In the East, where I was raised, it was the arrival of the American robin that was widely considered one of the first signs of spring.
In the West, the Capistrano cliff swallows have long claimed that distinction.
Though both robins and swallows are relatively early spring arrivals in the northern Great Plains, it is the horned larks that always precede them by a month or more, scratching out a living along roadsides as they await snowmelt to expose bare patches in prairies or agricultural fields.
Although there are 91 species in the lark family worldwide, horned larks are the only lark species native to North America.
They are unique in having short feather tufts on the side of the head, hence the name “horned” larks. If you live in town or in a forested site, chances are you will never encounter one of these attractive songbirds. They are strictly birds of open landscapes with very short vegetation. Historically, they inhabited natural prairie, tundra and desert habitats. But, as agricultural areas gradually replaced forests in eastern North America during the 19th century, horned larks found many such sites to their liking and their range eventually spread all the way to the Atlantic Coast. If you live on or grew up on a farm or in the prairies, you are probably familiar with this species, even if you may not have been sure what they were.
Aside from frequenting roadsides in wintry conditions, horned larks are most evident during the courtship period preceding nesting. Males fly up from the ground at a steep angle in a spiral pattern until they are just tiny specks at 700 to 800 feet. Then they glide slowly down with wings and tail spread while giving a distinctive, tinkling song before ascending again and repeating the display.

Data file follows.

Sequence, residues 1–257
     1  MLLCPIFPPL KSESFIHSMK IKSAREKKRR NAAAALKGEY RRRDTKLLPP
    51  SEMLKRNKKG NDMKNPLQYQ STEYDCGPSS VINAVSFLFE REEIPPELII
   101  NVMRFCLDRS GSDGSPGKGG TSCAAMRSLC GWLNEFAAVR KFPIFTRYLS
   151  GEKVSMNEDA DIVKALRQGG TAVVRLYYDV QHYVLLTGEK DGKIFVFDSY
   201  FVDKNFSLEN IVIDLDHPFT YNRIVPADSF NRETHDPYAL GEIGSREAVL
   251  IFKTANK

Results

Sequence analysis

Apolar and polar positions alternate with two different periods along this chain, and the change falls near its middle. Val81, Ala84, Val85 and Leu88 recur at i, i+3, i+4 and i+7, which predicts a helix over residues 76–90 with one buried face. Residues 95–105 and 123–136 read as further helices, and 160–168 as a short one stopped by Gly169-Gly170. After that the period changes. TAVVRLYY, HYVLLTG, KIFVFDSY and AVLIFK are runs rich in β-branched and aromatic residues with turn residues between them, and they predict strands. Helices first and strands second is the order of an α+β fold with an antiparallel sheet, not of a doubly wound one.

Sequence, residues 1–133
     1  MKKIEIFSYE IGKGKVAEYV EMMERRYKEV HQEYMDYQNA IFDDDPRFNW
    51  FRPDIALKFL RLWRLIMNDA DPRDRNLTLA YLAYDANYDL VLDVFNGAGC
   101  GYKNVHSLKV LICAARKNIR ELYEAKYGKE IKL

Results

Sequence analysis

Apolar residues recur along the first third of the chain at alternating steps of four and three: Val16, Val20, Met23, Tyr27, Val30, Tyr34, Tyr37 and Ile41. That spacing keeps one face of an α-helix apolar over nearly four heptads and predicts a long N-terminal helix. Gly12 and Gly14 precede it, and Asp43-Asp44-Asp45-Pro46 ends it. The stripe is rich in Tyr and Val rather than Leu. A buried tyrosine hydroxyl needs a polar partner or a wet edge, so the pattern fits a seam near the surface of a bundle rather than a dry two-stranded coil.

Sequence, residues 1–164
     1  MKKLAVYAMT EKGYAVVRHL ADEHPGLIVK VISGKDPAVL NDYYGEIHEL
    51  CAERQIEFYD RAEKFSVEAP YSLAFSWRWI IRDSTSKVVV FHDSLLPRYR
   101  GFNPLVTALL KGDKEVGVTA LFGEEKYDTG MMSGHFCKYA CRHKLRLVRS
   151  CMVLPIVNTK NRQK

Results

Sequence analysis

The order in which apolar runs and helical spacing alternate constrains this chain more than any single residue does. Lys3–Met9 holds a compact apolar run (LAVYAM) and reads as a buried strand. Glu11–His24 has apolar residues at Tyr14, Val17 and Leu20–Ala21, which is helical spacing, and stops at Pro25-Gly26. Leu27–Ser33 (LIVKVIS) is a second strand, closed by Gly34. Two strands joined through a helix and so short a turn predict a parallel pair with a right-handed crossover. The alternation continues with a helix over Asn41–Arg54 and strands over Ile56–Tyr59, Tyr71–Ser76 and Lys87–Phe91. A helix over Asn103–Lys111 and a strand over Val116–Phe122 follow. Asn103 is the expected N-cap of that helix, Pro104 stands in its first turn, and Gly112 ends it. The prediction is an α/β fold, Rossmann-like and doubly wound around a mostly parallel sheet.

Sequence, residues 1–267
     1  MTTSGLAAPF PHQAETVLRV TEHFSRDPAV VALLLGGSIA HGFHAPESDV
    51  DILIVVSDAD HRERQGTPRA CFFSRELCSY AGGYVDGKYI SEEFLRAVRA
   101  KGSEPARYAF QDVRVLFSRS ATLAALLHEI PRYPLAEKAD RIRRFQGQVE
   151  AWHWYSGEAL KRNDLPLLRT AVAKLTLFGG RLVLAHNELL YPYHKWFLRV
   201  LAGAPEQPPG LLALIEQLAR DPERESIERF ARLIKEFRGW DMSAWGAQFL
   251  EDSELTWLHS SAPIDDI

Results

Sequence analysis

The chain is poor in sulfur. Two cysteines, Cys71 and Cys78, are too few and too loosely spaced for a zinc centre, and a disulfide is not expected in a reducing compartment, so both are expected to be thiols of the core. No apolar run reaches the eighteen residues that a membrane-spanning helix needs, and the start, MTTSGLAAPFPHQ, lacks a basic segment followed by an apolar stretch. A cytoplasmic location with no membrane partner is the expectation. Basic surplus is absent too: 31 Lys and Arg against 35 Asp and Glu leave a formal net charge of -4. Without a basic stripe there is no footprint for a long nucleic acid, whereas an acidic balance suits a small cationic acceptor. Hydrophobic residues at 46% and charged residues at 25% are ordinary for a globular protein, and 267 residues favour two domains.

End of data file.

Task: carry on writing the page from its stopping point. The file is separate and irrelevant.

The normal flight of the horned lark is also distinctive, because, after three to four normal wing beats, they close their wings to the body for the time of one to two wing beats. Although this is kind of subtle, it is just different enough from the flight pattern of other songbirds that, with practice, you can learn to identify them at a distance by this characteristic alone.
When you’re driving through agricultural country (like the Hubbard Prairie) this March, when these larks are apt to be along the roadside, watch how birds that you flush fly. Think about the pattern described above and maybe you will begin to add flight pattern to what you already know about bird behavior. Open your mind to the real possibility of being able to identify birds by behavior, without the aid of a field guide.
I should add that horned larks are a bit larger than juncos (which also can congregate along roadsides). But the juncos are much darker with strong white outer tail feathers, have a normal fast and consistent flap pattern very unlike the larks’ slower flap and non-flap flight, and are less apt to be in agricultural habitats.
Marshall Howe is a retired biologist with the U.S. Fish and Wildlife Service. He specialized in bird population studies. Howe has been a Park Rapids resident since 2010.